US 5562112 A
A cosmetic sampler formed by screen printing a slurry of cosmetic powder and solvent onto a paper base. To prevent off-set of the cosmetic sample during packaging and handling, a protective thin film overlay is laminated to a perimeter adhesive printed on the paper base around the cosmetic. The paper base may be replaced by a pressure sensitive adhesive stock to form a unit dose or single application of a cosmetic that can be applied as a label to any desired surface. In other embodiments, a non-pressure sensitive removable adhesive is used in a two-layer removable label construction or a three-layer coupon construction. The sampler can also be provided with or without the protective overlay in a simple folded hand-out version or as a pad of cosmetic sampler sheets. The sampler can also be used to provide unit doses or single applications of creams, lipsticks, fragrances, pharmaceuticals, lotions, and other high viscosity, waxy materials.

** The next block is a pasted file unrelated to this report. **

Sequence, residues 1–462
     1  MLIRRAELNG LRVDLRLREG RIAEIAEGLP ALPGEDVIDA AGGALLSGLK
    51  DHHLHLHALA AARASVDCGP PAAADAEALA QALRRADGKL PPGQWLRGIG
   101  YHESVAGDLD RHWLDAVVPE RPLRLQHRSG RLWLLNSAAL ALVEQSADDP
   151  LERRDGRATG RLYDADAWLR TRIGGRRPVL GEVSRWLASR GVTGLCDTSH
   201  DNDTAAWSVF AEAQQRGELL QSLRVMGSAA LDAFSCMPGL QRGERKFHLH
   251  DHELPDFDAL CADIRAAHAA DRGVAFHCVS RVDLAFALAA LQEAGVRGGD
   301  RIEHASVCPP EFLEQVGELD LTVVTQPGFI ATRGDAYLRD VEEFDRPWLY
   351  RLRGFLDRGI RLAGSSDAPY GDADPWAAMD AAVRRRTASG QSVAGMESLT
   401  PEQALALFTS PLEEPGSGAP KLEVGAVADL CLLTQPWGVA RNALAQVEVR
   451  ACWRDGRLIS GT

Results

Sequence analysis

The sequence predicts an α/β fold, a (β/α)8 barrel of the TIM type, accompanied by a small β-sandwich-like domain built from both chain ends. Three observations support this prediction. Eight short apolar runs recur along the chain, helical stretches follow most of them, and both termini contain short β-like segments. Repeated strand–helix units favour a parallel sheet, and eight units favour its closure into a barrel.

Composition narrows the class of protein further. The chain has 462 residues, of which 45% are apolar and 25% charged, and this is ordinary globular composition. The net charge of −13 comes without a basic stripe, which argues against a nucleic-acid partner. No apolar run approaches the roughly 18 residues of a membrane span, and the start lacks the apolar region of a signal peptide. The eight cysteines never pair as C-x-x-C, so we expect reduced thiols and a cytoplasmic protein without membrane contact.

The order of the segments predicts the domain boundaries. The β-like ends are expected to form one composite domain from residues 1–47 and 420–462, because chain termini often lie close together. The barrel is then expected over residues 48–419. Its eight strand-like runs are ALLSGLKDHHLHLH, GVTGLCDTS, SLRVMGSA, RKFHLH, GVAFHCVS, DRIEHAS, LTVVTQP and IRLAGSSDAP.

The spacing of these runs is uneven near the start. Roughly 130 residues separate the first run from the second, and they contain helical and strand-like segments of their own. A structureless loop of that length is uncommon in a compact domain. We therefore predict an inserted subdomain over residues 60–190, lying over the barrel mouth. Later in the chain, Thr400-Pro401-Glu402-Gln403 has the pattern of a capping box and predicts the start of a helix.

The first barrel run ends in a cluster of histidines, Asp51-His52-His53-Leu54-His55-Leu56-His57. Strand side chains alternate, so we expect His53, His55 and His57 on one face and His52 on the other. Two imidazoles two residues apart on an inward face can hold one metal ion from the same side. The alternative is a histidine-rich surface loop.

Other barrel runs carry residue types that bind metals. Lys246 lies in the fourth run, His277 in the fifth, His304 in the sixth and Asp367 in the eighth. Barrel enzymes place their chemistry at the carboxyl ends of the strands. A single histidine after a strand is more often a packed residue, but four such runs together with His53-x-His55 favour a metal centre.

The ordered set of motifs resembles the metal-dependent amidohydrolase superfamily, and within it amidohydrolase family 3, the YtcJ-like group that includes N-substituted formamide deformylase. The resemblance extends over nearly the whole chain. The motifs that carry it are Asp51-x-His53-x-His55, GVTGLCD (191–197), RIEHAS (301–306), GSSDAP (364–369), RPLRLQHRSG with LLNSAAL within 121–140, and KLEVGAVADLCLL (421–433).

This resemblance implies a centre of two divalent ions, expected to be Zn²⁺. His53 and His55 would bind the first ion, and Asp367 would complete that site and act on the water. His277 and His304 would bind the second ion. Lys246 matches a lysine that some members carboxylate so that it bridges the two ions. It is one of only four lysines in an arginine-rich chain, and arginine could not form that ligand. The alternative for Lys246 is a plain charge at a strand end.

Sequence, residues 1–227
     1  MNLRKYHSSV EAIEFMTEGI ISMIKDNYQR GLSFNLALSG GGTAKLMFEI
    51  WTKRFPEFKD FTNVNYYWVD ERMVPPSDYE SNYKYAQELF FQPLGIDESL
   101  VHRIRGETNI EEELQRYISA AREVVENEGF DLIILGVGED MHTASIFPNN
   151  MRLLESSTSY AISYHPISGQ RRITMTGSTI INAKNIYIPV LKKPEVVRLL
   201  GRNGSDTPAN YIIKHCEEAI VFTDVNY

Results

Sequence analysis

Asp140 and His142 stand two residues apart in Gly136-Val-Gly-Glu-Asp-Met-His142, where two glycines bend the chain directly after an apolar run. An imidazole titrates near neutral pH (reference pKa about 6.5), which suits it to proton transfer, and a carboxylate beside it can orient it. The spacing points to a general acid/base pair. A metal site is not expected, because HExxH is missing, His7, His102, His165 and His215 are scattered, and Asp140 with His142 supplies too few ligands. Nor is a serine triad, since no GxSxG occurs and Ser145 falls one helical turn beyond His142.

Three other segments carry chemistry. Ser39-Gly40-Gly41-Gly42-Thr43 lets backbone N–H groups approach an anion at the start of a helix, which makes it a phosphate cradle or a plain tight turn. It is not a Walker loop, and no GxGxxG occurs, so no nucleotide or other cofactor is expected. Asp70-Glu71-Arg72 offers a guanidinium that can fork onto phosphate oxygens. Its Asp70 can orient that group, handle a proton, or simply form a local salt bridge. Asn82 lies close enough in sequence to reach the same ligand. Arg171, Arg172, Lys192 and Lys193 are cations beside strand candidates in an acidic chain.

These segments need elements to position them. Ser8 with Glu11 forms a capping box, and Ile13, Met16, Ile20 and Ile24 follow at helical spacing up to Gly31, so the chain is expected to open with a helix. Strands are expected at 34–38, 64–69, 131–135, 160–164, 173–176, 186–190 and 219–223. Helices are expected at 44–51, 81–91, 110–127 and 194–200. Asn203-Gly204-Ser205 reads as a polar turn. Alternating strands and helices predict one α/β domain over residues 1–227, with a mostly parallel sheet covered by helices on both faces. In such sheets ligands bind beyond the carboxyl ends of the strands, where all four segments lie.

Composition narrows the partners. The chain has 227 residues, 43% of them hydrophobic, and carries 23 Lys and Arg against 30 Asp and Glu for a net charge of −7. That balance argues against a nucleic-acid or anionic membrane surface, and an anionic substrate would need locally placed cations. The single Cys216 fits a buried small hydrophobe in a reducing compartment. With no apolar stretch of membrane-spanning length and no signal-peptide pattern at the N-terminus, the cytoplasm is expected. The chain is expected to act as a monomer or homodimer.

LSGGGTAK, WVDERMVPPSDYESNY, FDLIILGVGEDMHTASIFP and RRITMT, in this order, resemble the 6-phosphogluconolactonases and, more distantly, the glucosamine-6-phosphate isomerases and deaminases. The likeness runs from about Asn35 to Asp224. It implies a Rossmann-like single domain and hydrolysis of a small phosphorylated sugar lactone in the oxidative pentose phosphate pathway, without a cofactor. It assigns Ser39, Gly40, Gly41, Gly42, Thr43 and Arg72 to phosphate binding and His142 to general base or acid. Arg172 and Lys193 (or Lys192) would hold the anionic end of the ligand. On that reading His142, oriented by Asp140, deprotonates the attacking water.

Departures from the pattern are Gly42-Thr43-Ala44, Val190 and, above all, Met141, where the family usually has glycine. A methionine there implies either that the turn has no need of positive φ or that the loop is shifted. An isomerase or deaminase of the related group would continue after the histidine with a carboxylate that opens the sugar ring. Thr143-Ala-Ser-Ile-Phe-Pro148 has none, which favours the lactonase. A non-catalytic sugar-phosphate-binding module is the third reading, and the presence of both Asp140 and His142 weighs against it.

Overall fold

1. A lipstick sampler, comprising:
a unit dose of lipstick screen printed onto a first portion of said base;
a protective overcoat screen printed over said lipstick to prevent offset of said lipstick;
an adhesive applied to a second portion of said base; and
a protective thin film overlay laminated to said base by said adhesive to prevent offset of said lipstick prior to use.
2. A lipstick sampler as recited in claim 1, wherein said base comprises a coated paper face stock.
3. A lipstick sampler as recited in claim 1, wherein said protective overlay comprises a polypropylene sheet.
4. A lipstick sampler as recited in claim 1, wherein said base is debossed such that said screen printed lipstick lies beneath the surface of said base to prevent offset of said lipstick onto said overlay.